The Statement on Monetary Policy by the Reserve Bank of Australia (RBA) on 3 February 2022 depicts that, despite the Delta variant lockdowns, the Australian economy performed better than expected in the year ended 31 December 2021.
The economy produced higher results in the key economic indicators including economic growth, rate of unemployment, wage growth and household wealth creation. The inflation was higher due to higher level of economic growth and employment.
In December 2021, the rate of unemployment was expected to be 6% which turned out to be 4.2%, a marvellous achievement. The economy added over 64,800 jobs in this month. The rate of unemployment is expected to fall around 3% by the end of 2022, for the first time since the early 1970s. Australia is moving closer to full employment which is a situation when there is no involuntary unemployment. Full employment or at least low unemployment brings with it real economic and social benefits for Australians and their communities.
The RBA expected the Australian economy to grow by around 3% in 2021. Now it is expected to have grown by 5%, another high economic outcome. This is despite the lockdowns associated with the outbreaks of the Delta variant of Covid-19 in the second half of 2021. The economy is expected to grow by around 4.25% in 2022.
In 2021, wages were expected to grow by only 1.5%. This is now anticipated to pick up to around 2.5% in December 2021, which is marginally above its pre-pandemic rate of wage growth. In line with the expected higher level of economic activity and demand for human resources, the rate of wage growth is expected to be 3.25% in 2024, which would be the fasted growth since 2012.
For the year ended 31 December 2021, the rate of inflation jumped to 3.5%, well above RBA’s target band of 2 to 3%. The price of fuel, the cost of construction for new dwellings and the price of consumer durables accounted for about two-thirds of this general price increase (inflation). The rate of inflation is expected to be 3.25% by the end of 2022.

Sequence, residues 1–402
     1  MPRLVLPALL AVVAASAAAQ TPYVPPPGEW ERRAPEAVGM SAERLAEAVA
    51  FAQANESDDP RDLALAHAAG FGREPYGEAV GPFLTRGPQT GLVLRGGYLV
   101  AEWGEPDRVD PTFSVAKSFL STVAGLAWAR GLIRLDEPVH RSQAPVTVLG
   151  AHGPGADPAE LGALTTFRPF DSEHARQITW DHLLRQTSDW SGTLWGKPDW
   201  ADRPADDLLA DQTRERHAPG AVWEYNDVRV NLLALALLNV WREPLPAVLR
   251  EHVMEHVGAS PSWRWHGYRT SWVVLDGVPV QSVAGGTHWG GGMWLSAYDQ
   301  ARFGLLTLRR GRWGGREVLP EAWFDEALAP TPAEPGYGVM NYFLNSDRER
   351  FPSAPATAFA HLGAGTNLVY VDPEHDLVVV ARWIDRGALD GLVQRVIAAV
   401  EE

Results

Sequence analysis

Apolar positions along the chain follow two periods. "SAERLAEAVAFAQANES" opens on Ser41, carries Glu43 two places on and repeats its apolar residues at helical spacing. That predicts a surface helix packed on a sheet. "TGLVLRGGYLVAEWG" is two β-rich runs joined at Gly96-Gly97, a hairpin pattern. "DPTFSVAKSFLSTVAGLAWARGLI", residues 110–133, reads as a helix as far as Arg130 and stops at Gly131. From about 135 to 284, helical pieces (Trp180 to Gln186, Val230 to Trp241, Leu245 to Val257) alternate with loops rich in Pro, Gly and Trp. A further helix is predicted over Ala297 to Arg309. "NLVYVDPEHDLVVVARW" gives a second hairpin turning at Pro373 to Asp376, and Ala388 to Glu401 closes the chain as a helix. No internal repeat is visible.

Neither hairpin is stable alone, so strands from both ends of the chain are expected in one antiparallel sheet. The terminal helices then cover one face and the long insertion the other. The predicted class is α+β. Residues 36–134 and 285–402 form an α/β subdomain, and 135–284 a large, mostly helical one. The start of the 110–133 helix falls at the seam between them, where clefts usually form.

Much of the increase to 3.5% of the Australian inflation in 2021 is attributed to big rises in the prices of petrol and home construction. Over the years, world prices of oil go up and down due to international market forces/reasons and Australia has done virtually nothing to cause the recent rises in oil prices.
The other major contribution to this level of inflation relates to supply chain issues and mismatches between demand and supply for various goods and services, mainly because of Covid-19 outbreaks. The underlying rate of inflation excludes these unusual large price hikes in the economy and this (underlying rate of inflation) was 2.6% in 2021, which is within the RBA’s inflation range of 2 to 3%.
Australia is not the only developed economy experiencing high rate of inflation in 2021. Empirically, Australia’s rate of inflation of 3.5% was much lower than the USA (7%), the UK (5.4%) and our neighbor New Zealand (5.9%).
The most significant risk to the Australian economy continues to be health-related due to potential Covid-19 outbreaks. The rate of unemployment will probably settle to the pre-pandemic levels over the next few years. The resolution to the supply disruptions would partially offset inflationary pressures and check the underlying rate of inflation within the target band. The health outcomes are expected to be manageable in the forthcoming years.
The confidence of Australian households and their levels of spending are likely to be higher. In this scenario, the economy is expected to grow reasonably well, creating employment opportunities and generate incomes for all Australians.